One hundred years after the discovery of insulin and glucagon: the history of tumors and hyperplasias that hypersecrete these hormones

in Endocrine-Related Cancer
Authors:
Wouter W de Herder Department of Internal Medicine, Sector of Endocrinology, Erasmus MC & Erasmus MC Cancer Institute, ENETS Center of Excellence, Rotterdam, the Netherlands

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Günter Klöppel Department of Pathology, Technical University Munich, Munich, Germany

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Correspondence should be addressed to W W de Herder: w.w.deherder@erasmusmc.nl

This paper is part of a themed collection celebrating the Discovery of Insulin and Glucagon. The Guest Editors for this collection were Günter Klöppel and Wouter de Herder.

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One century ago, in 1922, Frederick G Banting, Charles H Best, James B Collip and John J R Macleod first published their experiments resulting in the isolation of a hypoglycemic factor, named insulin, from a solution extract from a dog’s pancreas. One year later, in 1923, a hyperglycemic factor named glucagon was isolated by Charles P Kimball and John R Murlin. In the following years, it could be demonstrated that pancreatic islet alpha- and beta-cell neoplasms and hyperplasias could inappropriately secrete excessive amounts of these two hormones. This review is a sequel to the discovery of insulin and glucagon and introduces the history of this fascinating group of neuroendocrine neoplasms and hyperplasias of the pancreas.

Abstract

One century ago, in 1922, Frederick G Banting, Charles H Best, James B Collip and John J R Macleod first published their experiments resulting in the isolation of a hypoglycemic factor, named insulin, from a solution extract from a dog’s pancreas. One year later, in 1923, a hyperglycemic factor named glucagon was isolated by Charles P Kimball and John R Murlin. In the following years, it could be demonstrated that pancreatic islet alpha- and beta-cell neoplasms and hyperplasias could inappropriately secrete excessive amounts of these two hormones. This review is a sequel to the discovery of insulin and glucagon and introduces the history of this fascinating group of neuroendocrine neoplasms and hyperplasias of the pancreas.

Introduction

One century ago, in 1922, Frederick G Banting, Charles H Best, James B Collip and John J R Macleod first published their experiments resulting in the isolation of a hypoglycemic factor, named insulin, from a solution extract from a dog’s pancreas (Banting et al. 1922, 1923, Banting & Best 1922, Bliss, 1993, 2021). One year later, in 1923, a hyperglycemic factor named glucagon was isolated by Charles P Kimball and John R Murlin (Kimball & Murlin 1923, Piper et al. 1923, Foa et al. 1957, Unger 1971, Müller et al. 2017). In the following years, it could be demonstrated that pancreatic islet alpha- and beta-cell neoplasms and hyperplasias could inappropriately secrete excessive amounts of these two hormones. This review is a sequel to the discovery of insulin and glucagon and introduces the history of this fascinating group of neuroendocrine neoplasms and hyperplasias of the pancreas.

Pancreatic islets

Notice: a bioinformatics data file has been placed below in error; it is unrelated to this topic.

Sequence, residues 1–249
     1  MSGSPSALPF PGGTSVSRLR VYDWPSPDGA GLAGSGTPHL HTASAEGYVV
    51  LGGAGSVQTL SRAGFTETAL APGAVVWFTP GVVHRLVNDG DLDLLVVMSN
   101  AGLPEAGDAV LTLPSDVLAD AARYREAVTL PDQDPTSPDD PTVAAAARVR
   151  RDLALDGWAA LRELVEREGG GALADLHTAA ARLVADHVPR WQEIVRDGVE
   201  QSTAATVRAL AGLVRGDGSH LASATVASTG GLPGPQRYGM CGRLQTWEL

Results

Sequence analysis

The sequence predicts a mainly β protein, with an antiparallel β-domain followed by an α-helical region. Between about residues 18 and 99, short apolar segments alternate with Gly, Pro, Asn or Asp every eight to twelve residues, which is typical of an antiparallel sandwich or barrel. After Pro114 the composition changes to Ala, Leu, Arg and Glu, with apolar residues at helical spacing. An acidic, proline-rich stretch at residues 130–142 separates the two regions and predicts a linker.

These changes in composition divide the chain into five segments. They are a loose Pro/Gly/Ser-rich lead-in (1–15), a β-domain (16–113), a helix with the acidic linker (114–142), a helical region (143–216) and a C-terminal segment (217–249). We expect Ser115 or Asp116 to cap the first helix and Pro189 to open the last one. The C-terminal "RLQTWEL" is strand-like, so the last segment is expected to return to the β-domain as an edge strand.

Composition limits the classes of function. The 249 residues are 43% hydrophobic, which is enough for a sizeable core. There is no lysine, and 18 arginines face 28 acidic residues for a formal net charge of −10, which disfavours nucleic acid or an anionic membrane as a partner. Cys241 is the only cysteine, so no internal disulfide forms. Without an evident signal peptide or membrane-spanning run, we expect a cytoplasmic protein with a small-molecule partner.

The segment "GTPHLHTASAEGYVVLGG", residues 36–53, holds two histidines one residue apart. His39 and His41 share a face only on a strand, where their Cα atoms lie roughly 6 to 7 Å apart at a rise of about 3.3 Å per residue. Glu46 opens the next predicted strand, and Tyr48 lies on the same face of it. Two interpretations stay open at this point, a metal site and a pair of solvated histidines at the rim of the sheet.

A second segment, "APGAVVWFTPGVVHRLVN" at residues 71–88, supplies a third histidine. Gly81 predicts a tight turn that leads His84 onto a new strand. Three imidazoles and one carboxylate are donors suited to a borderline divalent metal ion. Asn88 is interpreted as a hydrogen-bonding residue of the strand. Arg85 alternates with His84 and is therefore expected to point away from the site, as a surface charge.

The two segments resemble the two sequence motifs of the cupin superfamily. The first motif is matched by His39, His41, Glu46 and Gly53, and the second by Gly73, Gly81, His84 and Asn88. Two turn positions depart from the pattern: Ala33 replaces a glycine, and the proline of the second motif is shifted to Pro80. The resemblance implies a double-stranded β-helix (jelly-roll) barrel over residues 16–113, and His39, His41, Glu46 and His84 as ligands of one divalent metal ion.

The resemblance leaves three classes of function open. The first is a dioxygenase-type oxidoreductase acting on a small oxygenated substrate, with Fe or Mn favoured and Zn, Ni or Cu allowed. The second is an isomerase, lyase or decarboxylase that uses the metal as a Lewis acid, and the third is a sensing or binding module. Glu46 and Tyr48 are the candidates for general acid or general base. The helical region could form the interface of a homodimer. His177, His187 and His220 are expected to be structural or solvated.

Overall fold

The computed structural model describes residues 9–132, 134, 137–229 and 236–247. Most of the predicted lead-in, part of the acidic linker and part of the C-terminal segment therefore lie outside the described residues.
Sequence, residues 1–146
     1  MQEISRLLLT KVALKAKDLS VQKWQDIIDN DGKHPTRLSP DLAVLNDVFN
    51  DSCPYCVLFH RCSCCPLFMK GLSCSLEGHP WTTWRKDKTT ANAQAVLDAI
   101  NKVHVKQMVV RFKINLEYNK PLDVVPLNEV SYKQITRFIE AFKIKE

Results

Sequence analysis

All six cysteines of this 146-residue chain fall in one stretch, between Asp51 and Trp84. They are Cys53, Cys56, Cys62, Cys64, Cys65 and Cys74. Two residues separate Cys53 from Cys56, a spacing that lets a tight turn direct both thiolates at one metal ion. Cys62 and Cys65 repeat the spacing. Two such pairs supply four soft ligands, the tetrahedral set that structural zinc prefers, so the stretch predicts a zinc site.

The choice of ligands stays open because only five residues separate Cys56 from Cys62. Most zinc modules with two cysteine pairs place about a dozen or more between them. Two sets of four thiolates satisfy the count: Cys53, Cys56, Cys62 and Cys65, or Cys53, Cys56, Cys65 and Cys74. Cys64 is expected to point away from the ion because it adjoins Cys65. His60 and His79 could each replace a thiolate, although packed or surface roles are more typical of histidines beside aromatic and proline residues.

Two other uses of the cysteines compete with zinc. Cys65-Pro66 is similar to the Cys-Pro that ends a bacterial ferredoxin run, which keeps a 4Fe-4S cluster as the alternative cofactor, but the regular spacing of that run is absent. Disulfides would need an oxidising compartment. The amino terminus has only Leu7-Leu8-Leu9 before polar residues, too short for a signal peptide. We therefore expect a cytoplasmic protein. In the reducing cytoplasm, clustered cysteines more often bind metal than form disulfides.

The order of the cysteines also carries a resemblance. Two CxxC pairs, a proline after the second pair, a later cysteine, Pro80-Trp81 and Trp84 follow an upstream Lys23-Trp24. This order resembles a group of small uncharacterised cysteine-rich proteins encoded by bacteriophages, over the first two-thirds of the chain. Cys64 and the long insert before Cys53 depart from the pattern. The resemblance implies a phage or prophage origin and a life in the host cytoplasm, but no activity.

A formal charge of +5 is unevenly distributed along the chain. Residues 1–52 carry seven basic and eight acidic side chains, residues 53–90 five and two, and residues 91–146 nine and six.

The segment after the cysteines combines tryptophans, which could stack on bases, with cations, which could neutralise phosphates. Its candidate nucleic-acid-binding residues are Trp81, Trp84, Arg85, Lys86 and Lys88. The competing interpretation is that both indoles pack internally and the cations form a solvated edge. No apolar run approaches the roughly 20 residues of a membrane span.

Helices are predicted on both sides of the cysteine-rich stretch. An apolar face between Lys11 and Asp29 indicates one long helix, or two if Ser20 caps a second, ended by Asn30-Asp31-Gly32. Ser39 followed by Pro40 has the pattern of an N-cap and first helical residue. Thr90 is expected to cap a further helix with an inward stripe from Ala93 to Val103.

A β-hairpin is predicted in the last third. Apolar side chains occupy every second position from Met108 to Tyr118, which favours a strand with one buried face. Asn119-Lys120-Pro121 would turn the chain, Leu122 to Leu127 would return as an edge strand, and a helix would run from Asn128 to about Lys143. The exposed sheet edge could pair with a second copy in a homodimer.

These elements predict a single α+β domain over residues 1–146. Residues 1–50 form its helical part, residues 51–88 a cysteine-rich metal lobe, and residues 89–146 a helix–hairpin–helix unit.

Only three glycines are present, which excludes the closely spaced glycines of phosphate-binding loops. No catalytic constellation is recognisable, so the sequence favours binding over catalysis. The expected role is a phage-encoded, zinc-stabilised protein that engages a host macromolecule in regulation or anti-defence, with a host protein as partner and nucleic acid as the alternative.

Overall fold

Pancreatic islet cells were first described in the rabbit by the German medical student Paul Langerhans (1847–1888) in his doctoral thesis in 1869 (Langerhans 1869, Kloppe 1969, Hausen 1987a , Baskin 2015). He worked in the laboratory of the eminent Berlin pathologist Rudolf Virchow (1821–1902), who was also a close friend of the Langerhans family and who could probably be considered as a godfather of Paul Langerhans (Hausen 1987a ). Virchow, whose scientific curiosity was unlimited, was also interested in the pancreas. In 1854, he published a small account on the biochemistry of the pancreas, which he concluded with the presumption ‘... that this gland also secretes not only outwards, but also inwards into the blood’ (Virchow 1854). What facts were these prophetic words by the godfather of cellular pathology based on? The exocrine function of the pancreas was already established in 1848, when the French physiologist Claude Bernard (1813–1878), the godfather of experimental medicine, had shown that pancreatic juice is required for fat digestion (Bernard 1848). These findings were further supported in 1876 by a former assistant of Rudolf Virchow, the German physiologist Wilhelm F Kühne (1837–1900), who succeeded in isolating a protein-splitting pancreatic enzyme, later named ‘trypsin’ (Kühne 1876, 1877). The possibility that the pancreas could also have an endocrine function was based on clinical and pathological observations, suggesting that the diseased pancreas might be responsible for the development of diabetes mellitus. However, this dialogue about the existence of a pancreatogenous diabetes mellitus became muted after Claude Bernard’s numerous attempts to induce diabetes mellitus through pancreatic resections failed (Grmek 1967). This was the situation when Paul Langerhans began his histological studies. Very little was known about the detailed microscopic structure of the pancreas. For his study, he chose the rabbit's pancreas because of its translucent structure allowing a quick native examination under the microscope. However, he obtained the best results when he macerated the tissue with Müller’s solution. He finally was able to distinguish several cell types, including acinar, centroacinar, ductal, stromal, hematogenous and neural cells. The ninth cell type which he described as homogeneous, with no granules and often grouped in small clusters, represented the pancreatic islet cells. No illustration highlighted these cells and no functional explanation was offered other than the suggestion that these cells may have something to do with nerval structures. He was dissatisfied with the meagre results of his study and expressed this at the beginning of his doctoral thesis: ‘Unfortunately, I have to begin my communications by stating that I am in no way able to present the completed results of a successful investigation. The purpose of these lines, at the very best, can be only to help to direct somewhat greater attention to the pancreas than has been given to it by anatomists until present‘ (Langerhans 1869, Kloppe 1969, Hausen 1987a,b,c,d). This dissatisfaction was probably the reason why he interrupted his work for almost a year to devote his energy to a histological investigation of tactile corpuscles of the skin. He stained cut sections of the dermis with gold chloride, a method invented by the German pathologist Julius F Cohnheim (1839–1884), who also worked in Virchow’s institute at that time. Using this technique, Langerhans discovered dermal cells with long tentacles, which he captured in a beautiful drawing and which he regarded as intraepidermal receptors for extracutaneous signals of the nervous system of the skin. However, these cells, which nowadays also bear his name, were not found to be of neural nature but instead were identified as antigen-presenting immune cells of the dermis and called ‘dendritic cells’ almost 100 years later (Hausen 1987a,b,c,d). In 1868, Paul Langerhans received for this work the Berlin University Faculty prize. After this interlude, he resumed his work on the pancreatic islet cells and submitted it as his doctoral thesis in 1869 (Langerhans 1869, Kloppe 1969, Sakula 1988). Thereafter, he never studied the pancreas again. Paul Langerhans died in 1888 of tuberculosis and never knew the significance and function of ‘his’ islet cells (Hausen 1987a,b,c,d). In line with Langerhans, Rudolf Virchow also never dealt with this topic again.